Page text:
The lady who oversees OCC at this church knows her stuff! She volunteers regularly at Boone and knows how to pack a GREAT shoebox.  Everything was very well organized and the space between “lines” was generous so crowding and jostling did not occur.

Clear Instructions to Volunteers

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Everyone who arrived for the start (that was not a mandatory time–folks were welcome to drop in or leave early as family needs dictated which was super). Everyone was told how the process worked and those who came yearly helped newbies without needing to be told to do so which was really nice. I talked with a little boy who was packing girls boxes all day intentionally! It was that kind of a group–caring!

Every box started with NEEDS: hygiene (washcloth, soap, toothbrush) most of which appeared to be bought in bulk, so likely these were provided by the church–though some items may have also been donated. School supplies were next—a box of 24 crayons, then a neat roll of twenty or so pages of notebook paper, (there were a few notebooks presumably for older kid boxes) a huge box of sharpened pencils (again these appeared to be a bulk purchase) which were banded together 3 at a time. (You could take more). There were a few erasers, too.

Then it was on to the fun stuff–toys, stuffies and more! There were stuffed animals (aka “stuffies”) suitable for any age, big to tiny. I loved sorting thru them to find just the right one for each box. How fun to add a bright red daucshund to two girls’ boxes! Another area had coloring books and a few picture books, then a great selection of balls, cars, etc. WOW items were mostly stuffies, but also Nerf footballs, a few Barbies and some other nice toys.

Finally, there were bins of flip-flops (bought on clearance in one purchase from Walmart, plus possibly some donations). Sadly, many people were too shy to sort thru the bins under the table to find a necessary size so many boxes went without. This was too bad–the sizes were generally there, but they needed to be dug out. The few clothing items available, as well as fabric for some girls boxes and a good variety of tote bags or backpacks, were the final items to select.

Every box got a letter that included the church’s name and address. There were also forms for children to fill out to tell the recipient about themselves–these are downloadable, HERE, from Operation Christmas Child. The boxes got rubber banded and placed at the foot of one of two altars in the church for prayers the next day.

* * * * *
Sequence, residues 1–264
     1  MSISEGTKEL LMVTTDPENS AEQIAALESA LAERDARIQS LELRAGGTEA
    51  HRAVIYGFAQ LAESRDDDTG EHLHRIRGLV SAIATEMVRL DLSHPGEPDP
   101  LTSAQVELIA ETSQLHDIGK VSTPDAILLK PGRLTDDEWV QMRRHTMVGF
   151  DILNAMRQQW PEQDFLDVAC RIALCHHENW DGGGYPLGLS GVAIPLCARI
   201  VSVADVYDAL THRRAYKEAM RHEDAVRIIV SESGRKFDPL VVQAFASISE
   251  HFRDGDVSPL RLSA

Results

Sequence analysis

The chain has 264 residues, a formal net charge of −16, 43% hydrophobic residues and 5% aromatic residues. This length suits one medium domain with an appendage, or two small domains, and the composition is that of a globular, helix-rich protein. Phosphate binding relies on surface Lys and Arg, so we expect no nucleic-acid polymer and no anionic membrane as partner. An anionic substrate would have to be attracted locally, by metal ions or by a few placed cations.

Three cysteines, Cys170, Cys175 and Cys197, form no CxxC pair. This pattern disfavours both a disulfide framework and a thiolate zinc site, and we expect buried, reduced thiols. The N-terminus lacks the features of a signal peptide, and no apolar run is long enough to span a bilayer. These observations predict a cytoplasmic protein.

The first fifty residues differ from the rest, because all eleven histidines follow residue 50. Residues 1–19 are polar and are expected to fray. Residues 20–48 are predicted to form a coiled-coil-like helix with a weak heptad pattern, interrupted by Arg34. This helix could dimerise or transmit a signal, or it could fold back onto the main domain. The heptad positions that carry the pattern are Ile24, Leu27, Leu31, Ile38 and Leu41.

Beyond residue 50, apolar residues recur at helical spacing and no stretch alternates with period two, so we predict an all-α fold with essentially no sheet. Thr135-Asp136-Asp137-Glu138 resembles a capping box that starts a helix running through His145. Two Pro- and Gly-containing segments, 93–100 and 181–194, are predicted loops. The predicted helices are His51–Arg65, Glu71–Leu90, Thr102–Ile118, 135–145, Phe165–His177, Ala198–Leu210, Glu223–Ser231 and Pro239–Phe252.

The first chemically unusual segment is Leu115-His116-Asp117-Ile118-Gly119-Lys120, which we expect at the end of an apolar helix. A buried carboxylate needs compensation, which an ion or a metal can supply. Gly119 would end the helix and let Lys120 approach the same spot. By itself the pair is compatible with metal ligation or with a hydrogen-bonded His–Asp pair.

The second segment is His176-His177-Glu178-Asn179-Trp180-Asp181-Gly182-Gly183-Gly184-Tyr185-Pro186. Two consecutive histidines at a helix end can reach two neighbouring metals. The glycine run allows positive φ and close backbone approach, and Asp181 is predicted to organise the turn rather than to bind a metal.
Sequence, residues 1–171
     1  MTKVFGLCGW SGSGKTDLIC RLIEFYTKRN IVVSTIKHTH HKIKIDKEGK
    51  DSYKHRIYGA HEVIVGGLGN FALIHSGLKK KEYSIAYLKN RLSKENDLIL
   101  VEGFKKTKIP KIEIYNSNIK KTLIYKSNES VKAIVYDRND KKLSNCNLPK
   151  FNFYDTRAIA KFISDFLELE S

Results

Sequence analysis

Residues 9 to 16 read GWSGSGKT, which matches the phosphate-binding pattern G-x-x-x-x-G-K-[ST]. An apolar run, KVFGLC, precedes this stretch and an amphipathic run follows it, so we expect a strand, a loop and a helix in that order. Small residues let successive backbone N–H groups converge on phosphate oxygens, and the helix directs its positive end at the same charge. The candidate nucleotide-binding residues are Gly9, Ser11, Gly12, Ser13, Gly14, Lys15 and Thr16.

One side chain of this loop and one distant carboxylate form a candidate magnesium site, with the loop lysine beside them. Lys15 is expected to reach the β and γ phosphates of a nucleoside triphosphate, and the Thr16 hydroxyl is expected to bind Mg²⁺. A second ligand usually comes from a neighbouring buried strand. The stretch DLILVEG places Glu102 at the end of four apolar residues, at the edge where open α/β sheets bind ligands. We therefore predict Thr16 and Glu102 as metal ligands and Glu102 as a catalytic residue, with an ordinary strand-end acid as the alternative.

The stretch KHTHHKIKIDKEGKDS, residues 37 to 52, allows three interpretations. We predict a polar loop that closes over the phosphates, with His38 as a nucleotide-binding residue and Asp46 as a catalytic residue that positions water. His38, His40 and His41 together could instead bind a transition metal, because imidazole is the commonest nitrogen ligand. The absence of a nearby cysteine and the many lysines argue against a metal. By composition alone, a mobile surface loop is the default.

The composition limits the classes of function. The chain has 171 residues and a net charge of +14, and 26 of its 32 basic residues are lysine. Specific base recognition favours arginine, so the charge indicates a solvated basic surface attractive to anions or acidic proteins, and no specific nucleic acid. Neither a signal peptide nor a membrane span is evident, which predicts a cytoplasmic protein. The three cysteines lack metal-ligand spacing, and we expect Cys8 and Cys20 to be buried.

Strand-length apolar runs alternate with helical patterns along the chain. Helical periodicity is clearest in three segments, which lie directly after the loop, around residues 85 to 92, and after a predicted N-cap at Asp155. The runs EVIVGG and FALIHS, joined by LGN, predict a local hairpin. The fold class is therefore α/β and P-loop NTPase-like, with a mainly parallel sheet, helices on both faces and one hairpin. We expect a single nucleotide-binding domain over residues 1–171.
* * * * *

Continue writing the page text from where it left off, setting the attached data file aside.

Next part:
Everything went very smoothly, people chatted happily and even a new face like mine was entirely welcome! Best of all, I got to catch up with the friends’ I made on my Boone trip.

I felt they did an outstanding job–as I’m sure all churches truly do!

My Thoughts for Any New Packing Parties

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1. Organize, organize, organize!!  I loved starting with the necessities!

2. Sort clothing, shoes and anything else age/size-specific and LABEL them if possible making sure the label can be seen without unfolding the item. (Due to time and money this isn’t always possible).

3. Signage. Have “TAKE ONE” or similar at each “station” so volunteers–esp those who drop in and out throughout the party, know how many. OCC has printable signs for this purpose HERE.

4. Have your youth group sort the early toy donations to weed out things with liquids (like little paint sets with liquid paint or with nail polish etc).  Also, have them weed out any obviously used toys–things must be new or be indistinguishable from new. Throw out broken or incomplete items.  The can also cut packs of stickers into twos or threes to include with school supplies.  Have them give messy-hair Barbies to someone willing to rehab and modestly clothe them in homemade or purchased outfits. Pinterst has instructions and clothing patterns. Have them sort donated boxes. A boot box is NOT a shoebox–toss those or use them as organizing tools.

5. Enlist your quilting, sewing, crocheting etc., groups  to make tote bags, pencil bags, nice, but simple girls dresses (do NOT use actual pillowcases! Some countries have said flat-out no more of these! Use nice fabric), cloth sanitary napkins and other items, crochet coverings for flip-flop straps, crochet, knit or sew little soft toys or other items. Get people involved! Crafters often love to help even if they don’t pack an actual shoebox themselves. Ask local businesses for leftover logo-ed pens, water bottles, cups, notepads, etc. (See the bottom of this post for my OCC Pinterest board with patterns).

6. Educate your church or group. Taboos mean Poo emoji, whoopie cushions and the like may be totally unwanted. Girls may not be able to wear shorts or revealing tops. Other items that may be unwanted are Barbies with no “painted on” clothing or wearing skimpy dresses.  Donate items like kleenex, wet wipes, deodorant, tampons and disposable sanitary napkins to LOCAL charities. Send cloth sanitary napkins which can be washed and reused in big girl boxes. (You can buy these on Etsy if you don’t sew). Remind everyone to remove ALL packaging. For puzzles, cut the picture off the box and put it all in a Ziplock bag. Keep only packaging necessary to explain an item or that provide storage like a crayon box. There isn’t any trash pick up in most countries the shoeboxes go to.

7. If sending clothing make sure it is an appropriate size. Few people are as large as Americans. Skip men’s sizes except Small. Just like in the USA though, girls sizes can be problematic. Don’t send thin, meant-to-be-layered t-shirts. They will be too revealing. Bras are expensive–a basic S-M-L sport or sleep bra is a huge help. Underwear is often too expensive for families in shoebox-receiving countries so be sure to send it when possible, but stick to modest girls styles with no “cute” designs or embellishments. Girls are commodities in many countries. Let’s protect them. Skip the cheap socks and send underwear. Socks are no good without shoes.

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Link to pencil bag pattern